In this book, Erika Lee shows how an irrational fear can cause mass movements of xenophobia such as the German ridiculing, the Irish anxiety, Chinese exclusion, Japanese incarceration, and Mexican deportation, happen in our country.  Forcing us to confront this history, America for Americans explains how xenophobia works, why it has endured, and how it threatens America.  It’s a necessary corrective and spur to action for any concerned citizen even during these times.


Written by Azadeh Moaveni

image via amazon

5. guest house for young widows: among the women of isis

There are books that try to understand what gave rise to ISIS, but not many of them give voice to the women in the organization.  Responding to promises of female empowerment and social justice, and calls to aid the plight of fellow Muslims in Syria, thousands of women emigrated from the United States and Europe, Russia and Central Asia, from across North Africa and the rest of the Middle East to join the Islamic State.  The voices of these thirteen women debut in chapters that expose not only their decisions for joining ISIS, but shows their reality that their choice to join wasn’t as black and white as people think it is.  The chronicles of these women reveal the religious propaganda and exploits the increasing involvement and pressure of social media that affected many of those who joined.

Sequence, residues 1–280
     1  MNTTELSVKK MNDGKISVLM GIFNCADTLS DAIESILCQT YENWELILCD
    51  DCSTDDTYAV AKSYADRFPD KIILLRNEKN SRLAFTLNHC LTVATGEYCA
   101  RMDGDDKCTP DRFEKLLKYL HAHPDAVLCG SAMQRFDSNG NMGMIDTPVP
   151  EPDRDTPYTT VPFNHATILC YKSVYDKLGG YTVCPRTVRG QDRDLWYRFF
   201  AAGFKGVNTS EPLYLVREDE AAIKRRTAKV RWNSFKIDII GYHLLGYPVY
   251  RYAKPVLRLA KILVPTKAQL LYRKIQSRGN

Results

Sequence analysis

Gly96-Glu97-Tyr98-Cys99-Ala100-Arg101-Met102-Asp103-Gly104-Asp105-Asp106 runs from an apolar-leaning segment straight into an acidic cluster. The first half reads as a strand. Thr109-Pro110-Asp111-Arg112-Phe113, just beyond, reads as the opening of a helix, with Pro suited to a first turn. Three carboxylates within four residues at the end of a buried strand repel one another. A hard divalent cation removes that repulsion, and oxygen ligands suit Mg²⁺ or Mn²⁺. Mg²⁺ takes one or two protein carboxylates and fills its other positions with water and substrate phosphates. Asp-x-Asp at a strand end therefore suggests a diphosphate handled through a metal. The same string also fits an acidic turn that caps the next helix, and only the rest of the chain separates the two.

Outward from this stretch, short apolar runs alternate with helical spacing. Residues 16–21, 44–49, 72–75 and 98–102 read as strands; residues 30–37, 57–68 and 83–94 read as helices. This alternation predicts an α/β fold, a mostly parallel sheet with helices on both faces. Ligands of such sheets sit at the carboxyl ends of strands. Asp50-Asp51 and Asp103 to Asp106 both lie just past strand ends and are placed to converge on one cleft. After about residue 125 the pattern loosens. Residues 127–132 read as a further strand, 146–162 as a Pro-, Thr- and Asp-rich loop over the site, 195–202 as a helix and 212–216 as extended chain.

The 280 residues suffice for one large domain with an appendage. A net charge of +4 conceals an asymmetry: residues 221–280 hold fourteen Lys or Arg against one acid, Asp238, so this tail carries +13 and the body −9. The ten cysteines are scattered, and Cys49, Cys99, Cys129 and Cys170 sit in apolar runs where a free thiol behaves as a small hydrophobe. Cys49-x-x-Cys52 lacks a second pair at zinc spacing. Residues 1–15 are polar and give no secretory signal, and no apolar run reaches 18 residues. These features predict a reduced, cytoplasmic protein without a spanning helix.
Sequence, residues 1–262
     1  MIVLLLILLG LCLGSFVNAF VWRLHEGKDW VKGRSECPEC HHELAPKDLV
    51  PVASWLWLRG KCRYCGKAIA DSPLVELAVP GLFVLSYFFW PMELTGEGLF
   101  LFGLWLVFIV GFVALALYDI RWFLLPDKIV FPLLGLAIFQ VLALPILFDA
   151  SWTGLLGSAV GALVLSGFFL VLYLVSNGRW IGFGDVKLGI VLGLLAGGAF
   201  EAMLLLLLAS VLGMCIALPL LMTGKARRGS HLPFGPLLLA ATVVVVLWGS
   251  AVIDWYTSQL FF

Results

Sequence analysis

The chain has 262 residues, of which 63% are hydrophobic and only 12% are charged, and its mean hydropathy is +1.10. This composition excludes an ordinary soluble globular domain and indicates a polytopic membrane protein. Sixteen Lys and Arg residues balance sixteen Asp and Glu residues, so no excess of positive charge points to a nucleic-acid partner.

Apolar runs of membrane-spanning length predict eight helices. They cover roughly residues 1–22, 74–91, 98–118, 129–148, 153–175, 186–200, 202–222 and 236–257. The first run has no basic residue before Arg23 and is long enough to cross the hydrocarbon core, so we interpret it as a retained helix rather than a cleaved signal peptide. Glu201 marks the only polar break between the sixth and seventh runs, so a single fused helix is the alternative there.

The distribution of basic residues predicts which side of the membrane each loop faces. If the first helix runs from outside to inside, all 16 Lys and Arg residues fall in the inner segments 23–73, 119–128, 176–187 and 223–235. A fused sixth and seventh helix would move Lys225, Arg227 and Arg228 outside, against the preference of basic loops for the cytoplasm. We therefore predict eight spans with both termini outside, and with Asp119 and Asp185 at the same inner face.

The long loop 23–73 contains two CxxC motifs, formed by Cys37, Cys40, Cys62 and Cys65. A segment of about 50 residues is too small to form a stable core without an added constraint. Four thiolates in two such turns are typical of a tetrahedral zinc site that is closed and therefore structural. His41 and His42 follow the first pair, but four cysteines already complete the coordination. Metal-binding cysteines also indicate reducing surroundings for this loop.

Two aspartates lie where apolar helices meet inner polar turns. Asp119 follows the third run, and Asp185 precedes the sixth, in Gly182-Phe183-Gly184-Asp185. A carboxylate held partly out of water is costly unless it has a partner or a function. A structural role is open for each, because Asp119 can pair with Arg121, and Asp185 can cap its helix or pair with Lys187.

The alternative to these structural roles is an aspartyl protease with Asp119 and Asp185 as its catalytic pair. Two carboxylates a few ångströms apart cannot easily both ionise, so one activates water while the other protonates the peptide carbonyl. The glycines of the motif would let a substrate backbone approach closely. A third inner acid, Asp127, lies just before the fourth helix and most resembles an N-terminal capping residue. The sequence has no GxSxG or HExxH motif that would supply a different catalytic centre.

Written by Eli Saslow

image via amazon

6. rising out of hatred: the awakening of a former white nationalist 

Derek Black grew up at the epicenter of white nationalism.  His father founded Stormfront, the largest racist community on the Internet, and his godfather, David Duke, was a KKK Grand Wizard.  By the time Derek turned nineteen, he had become an elected politician with his own daily radio show.  When he went to college, Derek was used to being home-schooled, and thus hadn’t encountered diverse perspectives other than his own.  At New College of Florida, he secretly broadcasted his radio show until he was caught and exposed by a student.  The following uproar and protests against Derek forced him for the first time to reconcile his ugly beliefs.  Others reached out to him and though forming new and different relationships, his previous world view was challenged.  Rising Out of Hatred tells the story of how white-supremacist ideas migrated from the far-right fringe to the White House through the saga of Derek Black, who eventually disavowed everything he was taught to believe – at a tremendous personal cost.



Written by Katy Upperman

image via amazon

7. the impossibility of us

In this young adult novel, we follow the story of Elise, whose brother’s death in Afghanistan forces her family to move from San Francisco to a sleepy coastal village.  It’s there that Elise meets Mati.  Both quickly discover that they have a lot in common, with Mati also being new to town, visiting the U.S. with his family.  Over the course of the summer, their relationship blossoms into romance from friendship, but their families don’t look on their relationship as a good thing.  Elise’s family unfortunately focuses on the fact that Mati is Afghan.  This new couple must face the racist challenges Elise’s family is imposing, and whether or not that will bring them together or drive them apart.


featured image via flickr